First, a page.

Canada invokes pipeline treaty with U.S. in dispute over Line 5 pipeline

In this June 8, 2017, file photo, fresh nuts, bolts and fittings are ready to be added to the east leg of the Enbridge Line 5 pipeline near St. Ignace, Mich. (Dale G. Young/Detroit News via AP, File)

Canada is formally invoking a 1977 pipeline treaty with the United States in a bid to prevent Michigan from turning off the taps to Enbridge's Line 5 pipeline.

The dispute stems from a nearly year-old decision by Michigan Gov. Gretchen Whitmer to revoke a 1953 easement to allow the pipeline to cross the Straits of Mackinac connecting Lake Michigan and Lake Huron.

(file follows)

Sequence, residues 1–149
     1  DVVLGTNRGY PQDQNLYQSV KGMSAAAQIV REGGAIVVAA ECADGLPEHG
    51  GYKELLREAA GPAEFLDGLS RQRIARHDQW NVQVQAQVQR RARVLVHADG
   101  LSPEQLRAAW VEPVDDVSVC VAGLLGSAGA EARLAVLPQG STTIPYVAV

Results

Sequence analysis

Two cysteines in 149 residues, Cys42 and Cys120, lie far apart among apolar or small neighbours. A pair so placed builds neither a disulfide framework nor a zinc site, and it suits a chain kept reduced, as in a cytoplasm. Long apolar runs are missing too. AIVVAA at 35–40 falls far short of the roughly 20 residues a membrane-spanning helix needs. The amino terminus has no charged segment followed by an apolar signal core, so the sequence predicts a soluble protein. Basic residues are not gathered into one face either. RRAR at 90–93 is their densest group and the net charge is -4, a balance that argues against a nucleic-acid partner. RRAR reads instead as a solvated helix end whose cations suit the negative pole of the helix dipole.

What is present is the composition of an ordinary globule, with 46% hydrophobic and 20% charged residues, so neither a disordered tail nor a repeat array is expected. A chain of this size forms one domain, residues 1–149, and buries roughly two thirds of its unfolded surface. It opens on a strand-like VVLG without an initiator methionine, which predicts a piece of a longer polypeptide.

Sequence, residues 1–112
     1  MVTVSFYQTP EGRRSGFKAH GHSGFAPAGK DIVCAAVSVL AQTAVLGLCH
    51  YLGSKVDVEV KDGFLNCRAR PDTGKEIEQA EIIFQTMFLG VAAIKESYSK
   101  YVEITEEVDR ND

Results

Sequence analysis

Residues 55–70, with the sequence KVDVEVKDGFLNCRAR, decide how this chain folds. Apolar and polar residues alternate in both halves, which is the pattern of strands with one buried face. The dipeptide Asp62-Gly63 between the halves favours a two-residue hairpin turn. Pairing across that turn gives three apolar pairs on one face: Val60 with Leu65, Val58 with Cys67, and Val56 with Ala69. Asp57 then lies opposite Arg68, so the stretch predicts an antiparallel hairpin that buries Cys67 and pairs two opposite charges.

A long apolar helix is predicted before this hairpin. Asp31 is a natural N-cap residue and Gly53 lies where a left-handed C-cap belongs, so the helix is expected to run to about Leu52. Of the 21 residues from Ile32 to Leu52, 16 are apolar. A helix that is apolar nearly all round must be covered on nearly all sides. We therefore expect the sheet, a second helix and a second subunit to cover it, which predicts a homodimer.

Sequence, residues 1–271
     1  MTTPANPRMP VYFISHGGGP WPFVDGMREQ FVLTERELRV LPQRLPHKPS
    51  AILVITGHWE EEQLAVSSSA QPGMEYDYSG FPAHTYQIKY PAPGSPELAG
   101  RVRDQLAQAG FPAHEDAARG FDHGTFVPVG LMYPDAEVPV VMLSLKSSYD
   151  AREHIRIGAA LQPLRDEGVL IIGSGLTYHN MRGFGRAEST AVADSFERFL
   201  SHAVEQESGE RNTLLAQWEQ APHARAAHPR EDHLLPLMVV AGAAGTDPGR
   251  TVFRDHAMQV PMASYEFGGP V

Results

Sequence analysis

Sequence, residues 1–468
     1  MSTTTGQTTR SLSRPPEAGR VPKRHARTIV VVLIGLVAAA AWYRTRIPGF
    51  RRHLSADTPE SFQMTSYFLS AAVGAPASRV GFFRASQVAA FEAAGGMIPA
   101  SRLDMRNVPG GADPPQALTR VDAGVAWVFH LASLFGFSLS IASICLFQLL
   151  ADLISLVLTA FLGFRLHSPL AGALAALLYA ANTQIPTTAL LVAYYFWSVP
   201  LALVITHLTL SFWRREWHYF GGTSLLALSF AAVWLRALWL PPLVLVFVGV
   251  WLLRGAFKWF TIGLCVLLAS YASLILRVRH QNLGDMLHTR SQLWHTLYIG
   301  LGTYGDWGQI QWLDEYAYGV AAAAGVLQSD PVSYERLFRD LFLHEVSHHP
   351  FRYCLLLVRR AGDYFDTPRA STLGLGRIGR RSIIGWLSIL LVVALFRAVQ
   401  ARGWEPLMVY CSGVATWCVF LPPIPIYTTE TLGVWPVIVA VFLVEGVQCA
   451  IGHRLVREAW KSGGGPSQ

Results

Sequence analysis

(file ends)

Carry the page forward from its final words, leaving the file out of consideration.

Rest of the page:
Whitmer cited environmental concerns about the impact a breach from the aging pipeline would have in the area and gave Enbridge six months to close it.

A U.S. federal court ordered the two sides to negotiate, but Michigan stopped participating in those talks in early September.

Canada's lawyer Gordon Giffin says in a letter to a Michigan judge Monday that further proceedings in the case should be halted because Canada is invoking the dispute mechanism of the pipeline transit treaty.

The treaty is meant to prevent either country from unilaterally preventing or disrupting the transport of fossil fuels through pipelines that cross the U.S.-Canada border.

This report by The Canadian Press was first published Oct. 4, 2021.